Boeing has about $24bn in 787 inventory sitting around Paine Field in Everett waiting to be delivered. They have 9 planes in preflight 5 for ANA , 3 for AIr India and 1 for Qatar Airways. After that they have 39 more that have to go through change incorporation. Looking at what has been delivered, what is going to be delivered and the air frames that are undergoing change incorporation, one thing stands out clearly: Boeing will prepare and deliver the later built air frames (airplanes 31 to 65) as they require significantly less rework compared to airplanes 4 to 30. Boeing will continue to focus on getting airplanes 31 to 65 out the door with change incorporation along side the airplanes that don't need to go through the costly change incorporation. Many of these late planes don't need much re-work at all thus allowing Boeing to get them to customers faster and book the revenues sooner.
The numbers tell the story.
Of the 11 airplanes that have been delivered 4 are LN 30 and below (36% of the deliveries so far).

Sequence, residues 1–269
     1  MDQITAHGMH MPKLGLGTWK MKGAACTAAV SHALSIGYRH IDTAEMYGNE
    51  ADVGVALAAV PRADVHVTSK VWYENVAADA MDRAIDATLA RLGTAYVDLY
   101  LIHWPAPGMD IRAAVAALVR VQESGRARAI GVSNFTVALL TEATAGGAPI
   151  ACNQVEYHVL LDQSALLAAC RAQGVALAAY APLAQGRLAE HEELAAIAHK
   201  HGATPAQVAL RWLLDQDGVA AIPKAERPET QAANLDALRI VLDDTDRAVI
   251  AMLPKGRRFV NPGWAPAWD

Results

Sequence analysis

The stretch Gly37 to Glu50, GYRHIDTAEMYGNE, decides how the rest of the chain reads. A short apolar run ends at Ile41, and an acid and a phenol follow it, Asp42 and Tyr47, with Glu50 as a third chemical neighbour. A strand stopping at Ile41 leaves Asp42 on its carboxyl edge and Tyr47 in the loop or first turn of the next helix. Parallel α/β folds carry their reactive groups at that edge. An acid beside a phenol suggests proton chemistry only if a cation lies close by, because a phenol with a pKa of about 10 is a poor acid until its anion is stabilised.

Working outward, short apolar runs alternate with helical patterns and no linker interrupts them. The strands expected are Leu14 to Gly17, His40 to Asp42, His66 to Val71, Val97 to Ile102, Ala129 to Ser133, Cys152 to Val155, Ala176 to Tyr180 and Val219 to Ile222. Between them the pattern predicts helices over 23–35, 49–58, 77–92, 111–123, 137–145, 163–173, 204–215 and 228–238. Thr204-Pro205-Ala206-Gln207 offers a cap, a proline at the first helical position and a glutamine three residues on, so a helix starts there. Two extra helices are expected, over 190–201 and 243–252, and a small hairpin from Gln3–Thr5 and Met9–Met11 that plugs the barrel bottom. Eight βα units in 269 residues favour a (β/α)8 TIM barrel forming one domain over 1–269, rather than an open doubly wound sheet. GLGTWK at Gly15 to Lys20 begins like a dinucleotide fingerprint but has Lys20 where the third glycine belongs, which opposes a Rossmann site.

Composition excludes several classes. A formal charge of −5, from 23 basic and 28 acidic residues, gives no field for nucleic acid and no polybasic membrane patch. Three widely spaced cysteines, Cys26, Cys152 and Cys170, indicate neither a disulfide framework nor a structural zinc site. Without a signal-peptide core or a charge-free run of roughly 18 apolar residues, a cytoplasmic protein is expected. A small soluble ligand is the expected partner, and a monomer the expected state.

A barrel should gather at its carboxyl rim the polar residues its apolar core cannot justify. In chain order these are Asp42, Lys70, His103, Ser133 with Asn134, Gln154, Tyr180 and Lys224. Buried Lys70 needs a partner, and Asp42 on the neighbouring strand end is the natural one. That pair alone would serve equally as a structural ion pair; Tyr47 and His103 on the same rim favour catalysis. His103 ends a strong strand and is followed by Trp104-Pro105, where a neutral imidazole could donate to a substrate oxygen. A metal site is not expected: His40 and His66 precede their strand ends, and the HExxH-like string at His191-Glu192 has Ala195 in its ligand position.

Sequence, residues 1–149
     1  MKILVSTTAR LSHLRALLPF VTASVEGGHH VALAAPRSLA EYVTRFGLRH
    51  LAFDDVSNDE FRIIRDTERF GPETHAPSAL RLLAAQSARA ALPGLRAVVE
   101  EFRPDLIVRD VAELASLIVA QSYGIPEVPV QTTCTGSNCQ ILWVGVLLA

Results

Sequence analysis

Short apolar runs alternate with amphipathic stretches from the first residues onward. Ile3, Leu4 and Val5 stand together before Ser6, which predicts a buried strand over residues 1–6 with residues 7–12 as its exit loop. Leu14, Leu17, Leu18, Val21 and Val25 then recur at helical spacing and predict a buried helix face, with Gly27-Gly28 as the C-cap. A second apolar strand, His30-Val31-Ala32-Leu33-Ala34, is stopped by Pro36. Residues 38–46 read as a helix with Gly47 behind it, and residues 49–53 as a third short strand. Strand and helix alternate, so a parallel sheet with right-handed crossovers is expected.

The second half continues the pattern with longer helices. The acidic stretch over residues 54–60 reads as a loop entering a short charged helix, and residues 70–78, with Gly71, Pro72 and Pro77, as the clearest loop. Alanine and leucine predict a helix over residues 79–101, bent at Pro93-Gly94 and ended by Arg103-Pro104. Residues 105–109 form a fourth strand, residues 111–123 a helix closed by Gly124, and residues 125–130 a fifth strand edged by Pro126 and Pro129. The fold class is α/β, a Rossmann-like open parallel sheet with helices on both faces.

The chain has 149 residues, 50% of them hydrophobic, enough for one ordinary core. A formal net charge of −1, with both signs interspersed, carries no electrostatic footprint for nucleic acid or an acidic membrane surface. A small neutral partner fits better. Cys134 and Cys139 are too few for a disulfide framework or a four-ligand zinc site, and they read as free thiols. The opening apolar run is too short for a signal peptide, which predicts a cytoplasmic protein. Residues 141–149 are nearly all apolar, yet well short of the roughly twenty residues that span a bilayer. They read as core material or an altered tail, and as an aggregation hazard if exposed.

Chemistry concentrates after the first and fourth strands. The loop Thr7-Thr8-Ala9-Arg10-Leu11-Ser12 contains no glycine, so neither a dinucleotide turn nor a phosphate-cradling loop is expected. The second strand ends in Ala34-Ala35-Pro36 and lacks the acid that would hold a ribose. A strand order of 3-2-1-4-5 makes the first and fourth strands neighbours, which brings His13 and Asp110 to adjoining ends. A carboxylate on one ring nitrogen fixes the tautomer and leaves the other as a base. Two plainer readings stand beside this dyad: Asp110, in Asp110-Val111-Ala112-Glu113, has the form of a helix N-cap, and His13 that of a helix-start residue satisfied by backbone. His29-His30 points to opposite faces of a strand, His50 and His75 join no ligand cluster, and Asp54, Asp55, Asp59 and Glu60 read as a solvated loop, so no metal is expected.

Of the airplanes that are currently ready to be delivered (the 9 in preflight) there is one that is coming from the batch of LN 30 and below (11% of the 9 airplanes that I categorize as preflight).
Of the airplanes that are currently in the change incorporation process (in building 40-24, EMC or other buildings for re-work purposes) there are 5 out of 11 airplanes which I categorized as actively going through change incorporation (as opposed to storage/change incorporation Dreamliners which are mainly being stored). That is about 45% of the 11 airplanes being worked on.
Of the 28 airplanes that I count as being stored (not actively being worked on), 16 are from LN 4 to LN 30 or about 57%. I expect that by the end of this year most of the airplanes from LN 31 to LN 65 will be in customer hands.
As Boeing works through the late builds they'll start to switch to re-working the early build 787s and prepare them for delivery but in doing so, these airplanes will spend more time in the EMC thus slowing down deliveries from the change incorporation batch of 787 in 2013-2014. I think it is reasonable to assume that Boeing cost for these airplanes are going to shoot through the roof owing to the amount of work that has to be done on these airplanes.
In other news, Boeing is finally getting some of the preflight 787s back into the air. ZA507 (LN 48, JA810A) should be flying today as will ZA509 (LN 56, JA812A) which will be making its first flight. It does seem that deliveries are getting close but I have yet to get any information about this.
Boeing is now trying to finalize an order for 5 787s with Batik Air (owned by Lion Air). No word on when this will be finalized or which version of the 787 they're buying.